The politics of the CPRS

In the process leading up to the Senate’s rejection of the government’s Carbon Pollution Reduction Scheme, no one has covered themselves with glory. Starting with the Independents, there’s little that can be said about Fielding except that the sooner he is sent home to nurse his delusions, the better. Nick Xenophon has unfortunately followed his customary line of trying to come up with his own alternative scheme. At this stage of the game, this position is not much different, in practice, from Fielding’s, though it offers more chance of a rethink on the second round. The Nationals have pretty much followed the Fielding line, and the Liberals have been all over the shop, as usual.

That leaves Labor and the Greens, neither of whom can be particularly proud of themselves. In the absence of a disaster, they will control the Senate between them in the next Parliament and will have little choice but to make deals on climate policy. As a leadup to this, it would be great if they could have reached an agreement on an improved, if still imperfect, CPRS. But Labor is more interested in wedging the Libs, and the Greens are more interested in political purity.

What would an improved CPRS look like? First, as I’ve argued already, the government’s conditional target of 25 per cent is about right. There’s no way Copenhagen will produce a number much larger than this – the US is offering 17, and the EU 30 with an asterisk (a choice of start date that makes them look particularly good). The 5 per cent target could be higher, but really, if we don’t get a global agreement, nothing Australia does really matters. The big flaws in the CPRS are the excessive giveaways of free permits (and the correspondingly limited compensation for households and displaced workers) and the fact that the design negates the benefits of any voluntary reductions (I initially thought the changes announced in March addressed this point, but they don’t).

Looking ahead, the politics seem reasonably promising for the government, promising but risky for the Greens and the Nationals, mixed for the Independents, and disastrous for the Libs. The government would be crazy not to take the opportunity of a double dissolution: given the resounding win that seems almost certain, they would be able to pass the legislation in a joint sitting without any outside support. That would create a “fact on the ground” which would make it life more difficult for the Greens; they could scarcely block legislation required to fix problems with an existing scheme as they emerged, and would be stuck with making incremental changes. Against that, they would have the balance of power in the Senate, and the chance of taking a couple of inner city seats from Labor (remote in my view, in the context of a double dissolution). The Nats would be able to demonstrate some independence and perhaps stave off their extinction for another election or two. As for the Independents, Fielding should never have been elected (thanks, hardheads at the Vic ALP for the deal that got him in!) and won’t get back. On the figures from last time, Xenophon could be re-elected with a running mate. I doubt that would happen. He’d probably get back in, but the numbers in the new Senate would leave him on the sidelines.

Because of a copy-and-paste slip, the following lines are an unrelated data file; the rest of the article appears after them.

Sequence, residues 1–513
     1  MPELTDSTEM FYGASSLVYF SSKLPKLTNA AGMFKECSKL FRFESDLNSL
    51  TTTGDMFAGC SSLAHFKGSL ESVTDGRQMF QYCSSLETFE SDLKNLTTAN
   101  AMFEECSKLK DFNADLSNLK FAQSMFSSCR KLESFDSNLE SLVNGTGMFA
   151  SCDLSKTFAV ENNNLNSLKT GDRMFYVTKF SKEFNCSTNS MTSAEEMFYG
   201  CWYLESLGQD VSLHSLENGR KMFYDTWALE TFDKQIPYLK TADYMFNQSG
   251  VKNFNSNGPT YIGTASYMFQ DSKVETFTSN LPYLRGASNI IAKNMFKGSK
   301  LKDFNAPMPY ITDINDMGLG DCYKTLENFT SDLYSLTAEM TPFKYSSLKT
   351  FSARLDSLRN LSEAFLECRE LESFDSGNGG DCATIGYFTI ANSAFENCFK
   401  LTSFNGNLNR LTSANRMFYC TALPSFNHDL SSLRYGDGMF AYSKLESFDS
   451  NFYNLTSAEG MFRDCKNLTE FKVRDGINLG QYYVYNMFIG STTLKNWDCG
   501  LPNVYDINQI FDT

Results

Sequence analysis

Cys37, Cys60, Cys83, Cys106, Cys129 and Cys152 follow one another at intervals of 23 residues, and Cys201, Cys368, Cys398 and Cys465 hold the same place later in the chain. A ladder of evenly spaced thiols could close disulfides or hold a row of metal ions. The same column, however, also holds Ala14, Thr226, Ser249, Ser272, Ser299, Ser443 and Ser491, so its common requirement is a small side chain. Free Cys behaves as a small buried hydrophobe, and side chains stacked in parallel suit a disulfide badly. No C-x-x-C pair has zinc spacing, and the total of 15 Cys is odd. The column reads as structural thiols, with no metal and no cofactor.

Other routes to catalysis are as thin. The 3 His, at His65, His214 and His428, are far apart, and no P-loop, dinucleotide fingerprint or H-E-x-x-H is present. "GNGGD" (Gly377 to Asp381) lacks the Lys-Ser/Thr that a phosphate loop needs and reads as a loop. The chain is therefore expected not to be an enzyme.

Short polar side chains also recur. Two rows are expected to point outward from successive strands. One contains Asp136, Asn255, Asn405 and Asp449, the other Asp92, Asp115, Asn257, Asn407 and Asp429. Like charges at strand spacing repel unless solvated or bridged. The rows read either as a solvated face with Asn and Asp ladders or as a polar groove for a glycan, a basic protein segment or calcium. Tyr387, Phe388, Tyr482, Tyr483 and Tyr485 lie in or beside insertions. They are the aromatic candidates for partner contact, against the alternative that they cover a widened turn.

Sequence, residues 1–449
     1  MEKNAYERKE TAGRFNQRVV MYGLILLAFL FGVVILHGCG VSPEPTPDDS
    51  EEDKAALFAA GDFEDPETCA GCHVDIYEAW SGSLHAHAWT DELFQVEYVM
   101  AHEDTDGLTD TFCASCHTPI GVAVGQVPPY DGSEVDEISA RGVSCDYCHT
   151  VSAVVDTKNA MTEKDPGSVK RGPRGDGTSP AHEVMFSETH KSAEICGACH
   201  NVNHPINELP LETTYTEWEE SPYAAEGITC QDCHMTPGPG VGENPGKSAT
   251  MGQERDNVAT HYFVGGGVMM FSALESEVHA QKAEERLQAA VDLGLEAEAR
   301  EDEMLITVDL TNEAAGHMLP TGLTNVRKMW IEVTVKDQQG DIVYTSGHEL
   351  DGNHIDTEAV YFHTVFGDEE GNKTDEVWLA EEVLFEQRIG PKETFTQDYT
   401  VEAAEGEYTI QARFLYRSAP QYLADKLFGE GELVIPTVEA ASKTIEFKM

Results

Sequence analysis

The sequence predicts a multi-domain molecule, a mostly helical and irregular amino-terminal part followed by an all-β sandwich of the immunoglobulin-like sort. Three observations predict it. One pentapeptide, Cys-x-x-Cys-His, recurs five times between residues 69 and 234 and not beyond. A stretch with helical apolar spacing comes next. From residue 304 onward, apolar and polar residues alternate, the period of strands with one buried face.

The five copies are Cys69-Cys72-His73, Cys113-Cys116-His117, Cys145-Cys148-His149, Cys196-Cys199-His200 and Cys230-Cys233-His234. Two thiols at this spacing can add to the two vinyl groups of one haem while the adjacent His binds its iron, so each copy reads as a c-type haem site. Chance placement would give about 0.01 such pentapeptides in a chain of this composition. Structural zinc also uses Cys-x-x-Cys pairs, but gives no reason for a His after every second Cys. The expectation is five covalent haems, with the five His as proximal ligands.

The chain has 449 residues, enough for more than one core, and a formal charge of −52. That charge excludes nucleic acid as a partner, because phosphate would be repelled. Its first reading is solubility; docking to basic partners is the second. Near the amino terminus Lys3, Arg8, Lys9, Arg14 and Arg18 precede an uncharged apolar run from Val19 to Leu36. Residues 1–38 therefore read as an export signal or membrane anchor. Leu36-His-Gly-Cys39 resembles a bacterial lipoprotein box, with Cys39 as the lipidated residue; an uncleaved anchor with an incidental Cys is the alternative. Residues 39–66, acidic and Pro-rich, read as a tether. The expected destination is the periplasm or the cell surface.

As for the Libs, the idea of a double dissolution in November fought on an issue where they can’t keep a consistent line for more than a day at a time, seems appalling. They’d be better off backing down and passing the government’s legislation. But if they are going to cave in November, why didn’t they make a serious attempt at cutting a deal this time around? Like Mr Micawber, they are hoping that somethng will turn up, but they are likely to be disappointed.

81 thoughts on “The politics of the CPRS

  1. and I should have added Fred – that your efforts are even more valuable than the govts who have so greedily sold off water rights that they have starved the rivers…even more valuable Fred.